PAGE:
The music of Johann Sebastian Bach (1685-1750) will be celebrated at all three services this Consecration Sunday and 501st year since the Reformation. Bach is not only one of the greatest composers who has ever lived but was a devout man of faith whose music exudes spirituality and his dedication to expressing the Divine. The oft-penned signature of Bach's works with the phrase Soli Deo Gloria (Glory to God alone) made his compositional intentions even more clear.
There will be an extended prelude of approximately ten to fifteen minutes before each service representing Bach's output in chamber, vocal, and organ music. The morning program will begin with the organ chorale prelude Wir glauben all' an einen Gott, BWV 680 (We all believe in one God) from the Clavier-Übung III published in 1739. The opening fugue subject is based on the first line of the 1524 Martin Luther hymn, a paraphrase of the Nicene Creed. The intricate fugal writing for manuals is interspersed with a bold ascending and descending pedal line often interpreted as representing faith in God. This similar approach is taken in later Credo movements as well, such as in Bach's Mass in B Minor (1749). An excerpt from Johannes-Passion, the aria Ich folge dir gleichfalls (I follow you likewise with happy steps) will be offered by soprano Blair Carpenter, cellist Lisa Eakins, flutist Aaron McGrew and myself on continuo. Lastly, cellist Lisa Eakins and I will play the Adagio and Allegro moderato movements (I and IV respectively) from Sonata No. 1 in G Major, BWV 1027. The work is one of three sonata settings originally scored for viola de gamba and harpsichord dating to the late 1730's or early 1740's during Bach's tenure at the Thomaskirche in Leipzig. At the 11:00 a.m. service, the Chancel Choir will sing two excerpts from Cantata No. 147 Herz und Mund und Tat und Leben (Heart and mouth and deed and life) of 1723 employing the familiar chorale tune often translated as Jesu, Joy of Man's Desiring. I will be joined by cellist Lisa Eakins in the basso continuo accompaniment. And for the Postlude, I will offer Bach's Prelude in A Minor, BWV 543 (a virtuosic and slightly 'sinister' piece...very apropos for the days before Halloween!). The Prelude is an early work, composed around the time of his tenure as court organist to the Duke of Saxe-Weimar from 1708–1717. It bears the mark of stylus phantasticus, the North German organ composition style characterized by a free, rhapsodic, and dramatic approach, owing a great deal of inspiration to Bach's mentor, Dietrich Buxtehude.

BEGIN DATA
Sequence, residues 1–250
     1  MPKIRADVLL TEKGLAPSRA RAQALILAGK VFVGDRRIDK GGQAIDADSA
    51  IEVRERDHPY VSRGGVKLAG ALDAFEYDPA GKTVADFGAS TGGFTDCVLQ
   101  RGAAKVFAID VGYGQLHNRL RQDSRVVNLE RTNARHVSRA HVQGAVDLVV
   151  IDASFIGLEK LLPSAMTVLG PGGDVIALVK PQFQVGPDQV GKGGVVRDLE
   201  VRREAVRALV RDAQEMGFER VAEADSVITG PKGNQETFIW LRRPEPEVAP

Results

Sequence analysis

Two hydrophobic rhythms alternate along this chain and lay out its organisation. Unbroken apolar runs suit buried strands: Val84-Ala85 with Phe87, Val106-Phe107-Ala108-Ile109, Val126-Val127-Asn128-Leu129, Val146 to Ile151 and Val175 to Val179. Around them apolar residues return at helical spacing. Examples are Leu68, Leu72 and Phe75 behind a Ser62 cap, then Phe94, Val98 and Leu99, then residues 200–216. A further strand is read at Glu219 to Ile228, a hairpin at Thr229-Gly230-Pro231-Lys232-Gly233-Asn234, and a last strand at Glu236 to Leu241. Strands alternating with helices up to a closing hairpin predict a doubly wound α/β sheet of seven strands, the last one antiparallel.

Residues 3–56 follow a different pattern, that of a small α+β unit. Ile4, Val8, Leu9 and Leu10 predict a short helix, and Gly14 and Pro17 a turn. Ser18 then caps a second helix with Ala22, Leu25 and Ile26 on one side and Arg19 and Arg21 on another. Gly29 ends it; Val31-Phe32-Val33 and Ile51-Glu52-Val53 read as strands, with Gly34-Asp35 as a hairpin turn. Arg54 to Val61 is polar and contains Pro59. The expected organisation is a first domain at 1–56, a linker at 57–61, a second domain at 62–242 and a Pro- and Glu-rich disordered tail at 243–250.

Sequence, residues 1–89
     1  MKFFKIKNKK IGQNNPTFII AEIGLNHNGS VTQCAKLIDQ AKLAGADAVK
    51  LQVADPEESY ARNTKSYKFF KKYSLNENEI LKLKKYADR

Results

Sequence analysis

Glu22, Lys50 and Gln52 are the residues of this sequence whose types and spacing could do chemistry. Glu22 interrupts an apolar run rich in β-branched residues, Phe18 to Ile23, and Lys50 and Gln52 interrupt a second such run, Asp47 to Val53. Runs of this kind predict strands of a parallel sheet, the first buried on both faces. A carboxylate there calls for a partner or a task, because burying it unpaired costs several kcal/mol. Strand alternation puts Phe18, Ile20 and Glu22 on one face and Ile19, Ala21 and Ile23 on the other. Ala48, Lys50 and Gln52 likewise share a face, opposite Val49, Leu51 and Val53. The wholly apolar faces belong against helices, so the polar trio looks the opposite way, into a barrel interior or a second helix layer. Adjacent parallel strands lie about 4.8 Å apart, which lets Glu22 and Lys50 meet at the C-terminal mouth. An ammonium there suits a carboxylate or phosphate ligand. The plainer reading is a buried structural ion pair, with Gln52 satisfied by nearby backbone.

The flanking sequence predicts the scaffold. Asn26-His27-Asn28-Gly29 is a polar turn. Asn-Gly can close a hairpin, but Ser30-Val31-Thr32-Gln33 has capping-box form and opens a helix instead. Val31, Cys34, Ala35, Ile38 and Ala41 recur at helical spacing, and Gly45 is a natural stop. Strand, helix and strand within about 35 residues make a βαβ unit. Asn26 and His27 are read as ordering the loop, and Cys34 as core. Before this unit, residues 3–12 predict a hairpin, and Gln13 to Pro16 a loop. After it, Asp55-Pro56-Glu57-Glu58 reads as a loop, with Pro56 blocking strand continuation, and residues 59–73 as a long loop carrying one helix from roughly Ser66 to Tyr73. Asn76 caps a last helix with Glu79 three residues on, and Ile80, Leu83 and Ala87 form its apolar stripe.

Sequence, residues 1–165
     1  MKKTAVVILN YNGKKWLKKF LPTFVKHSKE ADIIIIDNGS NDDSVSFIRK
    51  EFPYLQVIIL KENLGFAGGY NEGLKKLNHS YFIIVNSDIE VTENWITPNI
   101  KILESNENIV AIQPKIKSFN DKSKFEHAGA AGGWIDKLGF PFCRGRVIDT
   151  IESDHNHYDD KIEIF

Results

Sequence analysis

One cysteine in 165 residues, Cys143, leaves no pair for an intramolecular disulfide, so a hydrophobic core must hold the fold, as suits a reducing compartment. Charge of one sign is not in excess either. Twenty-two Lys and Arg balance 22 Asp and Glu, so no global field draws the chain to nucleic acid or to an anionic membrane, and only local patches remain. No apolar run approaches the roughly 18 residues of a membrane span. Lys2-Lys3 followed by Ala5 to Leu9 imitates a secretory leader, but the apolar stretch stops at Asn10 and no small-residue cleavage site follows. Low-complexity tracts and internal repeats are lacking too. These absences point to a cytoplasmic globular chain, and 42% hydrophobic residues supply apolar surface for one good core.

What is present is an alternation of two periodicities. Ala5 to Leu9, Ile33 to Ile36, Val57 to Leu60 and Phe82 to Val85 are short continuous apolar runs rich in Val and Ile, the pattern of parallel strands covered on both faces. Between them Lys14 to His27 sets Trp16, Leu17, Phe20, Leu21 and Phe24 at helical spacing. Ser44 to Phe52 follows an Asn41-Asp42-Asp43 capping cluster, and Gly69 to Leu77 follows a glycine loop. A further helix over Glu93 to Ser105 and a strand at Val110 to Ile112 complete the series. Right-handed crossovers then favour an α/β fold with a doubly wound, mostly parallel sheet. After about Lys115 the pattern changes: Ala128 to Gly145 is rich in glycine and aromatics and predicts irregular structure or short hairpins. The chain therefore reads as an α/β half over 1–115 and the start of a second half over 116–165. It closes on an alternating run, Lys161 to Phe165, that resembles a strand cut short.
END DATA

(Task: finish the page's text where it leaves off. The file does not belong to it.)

The Bach celebration continues at 6:00 p.m. with soprano Blair Carpenter, harpist Alaina Borgers, guitarist Alan Skowron, and flutist Rebecca Quillen joining. During the Prelude, a setting of Arioso for harp and flute, based on the well-known opening Sinfonia of Bach's 1729 cantata, will be presented as well as excerpts from Suite in C Minor. BWV 997, originally composed for lute and harpsichord. Selections for organ and chamber music will be reprised from the morning services as well.
Each week, Director of Music Mark Heiskanen writes a Music Minute previewing the upcoming Sunday's musical offerings and occasionally opines on other music-related topics.
We are blessed by an engaging music program at Plymouth!
Mark Heiskanen has been Plymouth's Director of Music since September 2017. Originally from Northeast Ohio, Mark has experience and great interest in a diverse range of musical styles including jazz, rock, musical theatre, and gospel. He is thrilled to serve a congregation and staff that values diversity and inclusion in all facets of life.